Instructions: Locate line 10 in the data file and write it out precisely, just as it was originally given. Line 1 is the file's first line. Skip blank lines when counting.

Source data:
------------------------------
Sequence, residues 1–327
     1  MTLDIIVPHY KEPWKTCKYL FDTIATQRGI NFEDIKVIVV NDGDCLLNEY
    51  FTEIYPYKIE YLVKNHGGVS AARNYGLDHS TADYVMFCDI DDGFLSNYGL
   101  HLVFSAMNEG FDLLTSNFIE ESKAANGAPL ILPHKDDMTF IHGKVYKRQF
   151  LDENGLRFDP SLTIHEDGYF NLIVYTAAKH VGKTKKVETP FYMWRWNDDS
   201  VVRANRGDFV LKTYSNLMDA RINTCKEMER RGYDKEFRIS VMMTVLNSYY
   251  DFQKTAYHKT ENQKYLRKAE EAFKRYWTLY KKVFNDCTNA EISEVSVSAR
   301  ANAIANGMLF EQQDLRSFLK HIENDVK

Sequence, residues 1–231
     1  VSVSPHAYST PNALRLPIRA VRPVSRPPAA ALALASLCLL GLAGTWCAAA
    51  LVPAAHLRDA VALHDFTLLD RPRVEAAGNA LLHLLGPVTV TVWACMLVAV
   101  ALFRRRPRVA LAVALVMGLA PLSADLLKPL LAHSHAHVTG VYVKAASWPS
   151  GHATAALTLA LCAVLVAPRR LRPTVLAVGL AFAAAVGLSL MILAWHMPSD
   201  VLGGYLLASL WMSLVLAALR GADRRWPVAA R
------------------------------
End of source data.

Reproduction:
     1  VSVSPHAYST PNALRLPIRA VRPVSRPPAA ALALASLCLL GLAGTWCAAA